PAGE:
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Minnesota loses another soaring star

Gina DiBello, principal 2nd violin of the Adminnesota Orchestra, has won an audition to join the Boston Symphony Orchestra.


She is part of a swelling exodus of musicians who have fled the state during the present endless lockout. By the time Michael Henson and his board are done with demolition, there won’t be many left.

Reminds me of the old Soviet-era joke:

What’s the Leningrad String Quartet?

It’s the Leningrad Philharmonic Orchestra returning from a tour of the West.

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  1. Steve Wogaman says:

    Strike or no strike, Boston is a step up for Gina.

    No doubt the runner up in Boston (and the second runner up, third runner up, fourth runner up, etc.) will be auditioning for Gina’s position.

    Sadly, it’s a buyer’s market.

    • Robert Fitzpatrick says:

      I disagree. For top level violin talent it’s a seller’s market; and no one will be auditioning for MOA until the current mess is settled. Those runners-up would be wise to avoid locked-out orchestras even after the lockout ends.

      • Wouldn’t the AFM (American Federation of Musicians) give a stink about it anyway? No one will be auditioning unless they wanted to be considered a “scab”?

    • Michael Adams says:

      Sorry Steve.
      T’aint so. She’d rather have stayed here w us in the Mn Orch had the board not embarked on their current self destructive course.

    • Elizabeth Erickson says:

      I seriously doubt that the runner up will shoot for Gina’s position. Who in their right mind would come to Minnesota? The management has taken care of completely wiping the Minnesota Orchestra off the map as a destination for fine talent. It will take years if not decades to repair the damage.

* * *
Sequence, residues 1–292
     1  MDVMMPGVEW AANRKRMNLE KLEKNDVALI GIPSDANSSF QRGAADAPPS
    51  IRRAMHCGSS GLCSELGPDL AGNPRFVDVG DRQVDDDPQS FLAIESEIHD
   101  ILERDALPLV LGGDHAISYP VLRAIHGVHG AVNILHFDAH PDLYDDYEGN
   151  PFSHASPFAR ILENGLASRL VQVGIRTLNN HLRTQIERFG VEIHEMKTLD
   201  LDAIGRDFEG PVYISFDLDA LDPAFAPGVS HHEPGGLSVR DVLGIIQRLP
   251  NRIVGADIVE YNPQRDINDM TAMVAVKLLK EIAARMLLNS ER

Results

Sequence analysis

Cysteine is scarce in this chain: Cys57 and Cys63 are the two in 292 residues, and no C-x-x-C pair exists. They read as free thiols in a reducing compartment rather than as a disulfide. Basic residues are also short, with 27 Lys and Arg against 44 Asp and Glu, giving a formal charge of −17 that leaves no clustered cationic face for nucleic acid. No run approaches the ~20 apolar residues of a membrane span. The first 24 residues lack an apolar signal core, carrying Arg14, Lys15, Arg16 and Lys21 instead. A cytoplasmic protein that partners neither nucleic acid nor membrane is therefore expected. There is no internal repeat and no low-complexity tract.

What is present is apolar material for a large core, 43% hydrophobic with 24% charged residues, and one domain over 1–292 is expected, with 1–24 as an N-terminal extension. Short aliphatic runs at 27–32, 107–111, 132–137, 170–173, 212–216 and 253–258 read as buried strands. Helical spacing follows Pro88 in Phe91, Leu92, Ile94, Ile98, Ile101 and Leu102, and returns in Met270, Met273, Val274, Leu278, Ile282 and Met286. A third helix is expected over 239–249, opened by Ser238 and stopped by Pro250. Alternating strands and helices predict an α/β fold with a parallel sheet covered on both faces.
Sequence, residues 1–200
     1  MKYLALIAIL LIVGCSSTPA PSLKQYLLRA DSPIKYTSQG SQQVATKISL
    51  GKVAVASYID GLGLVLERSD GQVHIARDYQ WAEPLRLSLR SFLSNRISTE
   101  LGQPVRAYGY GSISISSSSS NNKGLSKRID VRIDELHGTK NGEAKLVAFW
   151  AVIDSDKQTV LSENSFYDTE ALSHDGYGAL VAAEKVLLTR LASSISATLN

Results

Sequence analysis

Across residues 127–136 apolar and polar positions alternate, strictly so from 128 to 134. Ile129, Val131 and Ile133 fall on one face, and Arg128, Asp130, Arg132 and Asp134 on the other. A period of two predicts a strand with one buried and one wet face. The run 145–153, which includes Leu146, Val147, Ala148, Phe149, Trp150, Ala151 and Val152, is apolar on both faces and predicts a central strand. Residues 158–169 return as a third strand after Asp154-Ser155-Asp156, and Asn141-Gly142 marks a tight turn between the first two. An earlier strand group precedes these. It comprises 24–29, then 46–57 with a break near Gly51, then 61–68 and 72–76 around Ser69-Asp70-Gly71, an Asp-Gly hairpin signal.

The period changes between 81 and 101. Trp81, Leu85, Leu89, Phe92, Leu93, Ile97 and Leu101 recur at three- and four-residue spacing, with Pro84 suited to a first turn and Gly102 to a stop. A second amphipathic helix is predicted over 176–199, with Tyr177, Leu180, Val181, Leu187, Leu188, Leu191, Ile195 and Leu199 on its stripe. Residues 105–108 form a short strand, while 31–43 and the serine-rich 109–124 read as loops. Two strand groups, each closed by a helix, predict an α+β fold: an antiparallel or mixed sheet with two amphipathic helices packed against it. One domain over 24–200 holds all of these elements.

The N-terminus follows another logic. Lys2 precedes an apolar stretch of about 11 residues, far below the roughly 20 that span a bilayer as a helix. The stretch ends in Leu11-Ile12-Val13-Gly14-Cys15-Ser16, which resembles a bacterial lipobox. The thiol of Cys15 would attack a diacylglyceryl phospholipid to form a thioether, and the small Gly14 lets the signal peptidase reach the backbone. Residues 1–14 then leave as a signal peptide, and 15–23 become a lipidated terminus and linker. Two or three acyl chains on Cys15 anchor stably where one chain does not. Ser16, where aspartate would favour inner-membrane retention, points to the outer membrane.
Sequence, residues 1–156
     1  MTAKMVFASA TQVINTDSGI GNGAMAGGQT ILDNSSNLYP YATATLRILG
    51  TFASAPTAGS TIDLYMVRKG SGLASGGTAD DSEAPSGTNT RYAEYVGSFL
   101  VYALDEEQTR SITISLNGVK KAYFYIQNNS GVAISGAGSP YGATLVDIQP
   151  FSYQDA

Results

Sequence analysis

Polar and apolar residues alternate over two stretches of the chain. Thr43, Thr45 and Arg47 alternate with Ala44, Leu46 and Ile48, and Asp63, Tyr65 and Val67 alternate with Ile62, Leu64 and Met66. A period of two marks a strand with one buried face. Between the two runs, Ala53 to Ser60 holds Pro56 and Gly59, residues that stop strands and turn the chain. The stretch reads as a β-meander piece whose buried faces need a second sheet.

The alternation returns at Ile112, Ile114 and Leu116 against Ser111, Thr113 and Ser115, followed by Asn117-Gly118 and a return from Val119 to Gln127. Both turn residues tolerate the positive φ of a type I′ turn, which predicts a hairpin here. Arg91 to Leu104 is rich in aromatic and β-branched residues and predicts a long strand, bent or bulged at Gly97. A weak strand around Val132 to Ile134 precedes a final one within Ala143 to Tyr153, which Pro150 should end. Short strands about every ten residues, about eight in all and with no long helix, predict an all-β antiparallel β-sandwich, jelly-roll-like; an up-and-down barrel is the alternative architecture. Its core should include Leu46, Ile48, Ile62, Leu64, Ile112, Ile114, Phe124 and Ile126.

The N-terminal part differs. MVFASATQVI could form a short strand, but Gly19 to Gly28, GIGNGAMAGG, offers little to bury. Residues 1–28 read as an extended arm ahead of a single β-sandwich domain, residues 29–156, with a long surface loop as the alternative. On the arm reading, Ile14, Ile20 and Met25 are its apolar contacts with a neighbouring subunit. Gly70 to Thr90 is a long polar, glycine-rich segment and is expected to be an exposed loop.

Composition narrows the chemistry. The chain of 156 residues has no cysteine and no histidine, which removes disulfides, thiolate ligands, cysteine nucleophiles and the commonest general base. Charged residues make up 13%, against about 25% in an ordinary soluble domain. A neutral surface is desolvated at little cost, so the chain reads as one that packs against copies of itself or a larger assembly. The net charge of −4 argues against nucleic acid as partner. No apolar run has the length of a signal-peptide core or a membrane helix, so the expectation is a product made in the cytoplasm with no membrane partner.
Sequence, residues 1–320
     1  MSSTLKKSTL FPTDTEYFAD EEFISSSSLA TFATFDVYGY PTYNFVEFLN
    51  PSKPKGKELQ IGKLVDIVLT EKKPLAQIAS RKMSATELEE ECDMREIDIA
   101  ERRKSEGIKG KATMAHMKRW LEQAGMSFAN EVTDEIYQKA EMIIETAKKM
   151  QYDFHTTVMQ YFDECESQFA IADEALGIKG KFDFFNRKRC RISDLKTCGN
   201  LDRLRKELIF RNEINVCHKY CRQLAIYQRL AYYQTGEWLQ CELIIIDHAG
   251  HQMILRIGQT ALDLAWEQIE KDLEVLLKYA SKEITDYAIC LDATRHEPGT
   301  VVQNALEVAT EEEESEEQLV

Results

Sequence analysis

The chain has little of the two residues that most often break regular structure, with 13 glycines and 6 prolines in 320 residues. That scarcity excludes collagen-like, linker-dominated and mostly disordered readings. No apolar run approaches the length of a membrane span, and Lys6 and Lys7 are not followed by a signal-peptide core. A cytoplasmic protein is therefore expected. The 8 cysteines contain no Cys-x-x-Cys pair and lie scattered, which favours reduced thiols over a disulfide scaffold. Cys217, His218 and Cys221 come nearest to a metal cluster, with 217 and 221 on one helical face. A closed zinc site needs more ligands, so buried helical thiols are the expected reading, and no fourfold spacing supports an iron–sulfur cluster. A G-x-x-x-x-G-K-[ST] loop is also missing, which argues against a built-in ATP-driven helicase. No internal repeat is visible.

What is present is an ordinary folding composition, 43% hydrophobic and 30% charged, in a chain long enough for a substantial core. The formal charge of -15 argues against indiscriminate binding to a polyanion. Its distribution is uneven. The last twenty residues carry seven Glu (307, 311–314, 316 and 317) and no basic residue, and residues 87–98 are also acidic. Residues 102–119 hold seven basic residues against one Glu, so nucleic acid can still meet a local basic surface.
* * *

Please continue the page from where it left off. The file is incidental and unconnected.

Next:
• Amy Adams says:

        Experienced professionals lining up to audition for Minnesota in the near future…I don’t see that happening, except in denial-fueled fantasies. It will take years of work to repair the damage done.

  2. Steve, you may be right. On the other hand. . .

    I don’t know Gina, but maybe she really liked living in Minneapolis, had family there, had put down roots, whatever. Maybe she had hoped never to take another orchestra audition and would have happily stayed in MO. After all, lots of first-rate players chose just that.

    And I don’t know the runners up for the Boston job, but quite likely they already have orchestra jobs and won’t want to audition for her old position in MO, given that it’s such a toxic place. Even someone without a job at all won’t be going to Minneapolis/St. Paul any time soon, with no orchestral music at all happening there right now.

    Then there’s the period of adjustment for the new principal (again, we’re assuming the MO is playing again) with the music director, the other principals, and the section.

    These issues aside, the point of the article is that the management and board are gratuitously damaging the MO.

  3. Maybe they’re thinking like school boards. Get rid of all the long-term, most-times incredible out of the box thinking educators, and hire kids just out of school. Save money.

  4. Sadly in my opinion Mr. Wogaman misses a main point. Ms. DiBello will be missed in Minnesota. She takes with her all her experiences and expertise, something not all new players on the audition scene have.

  5. Amy Adams says:

    @Steve Wogaman…the musicians are locked out, not on strike. The terms are not interchangeable, and it contributes to public misunderstanding of management’s actions, and the position in which they placed the musicians of the Minnesota Orchestra.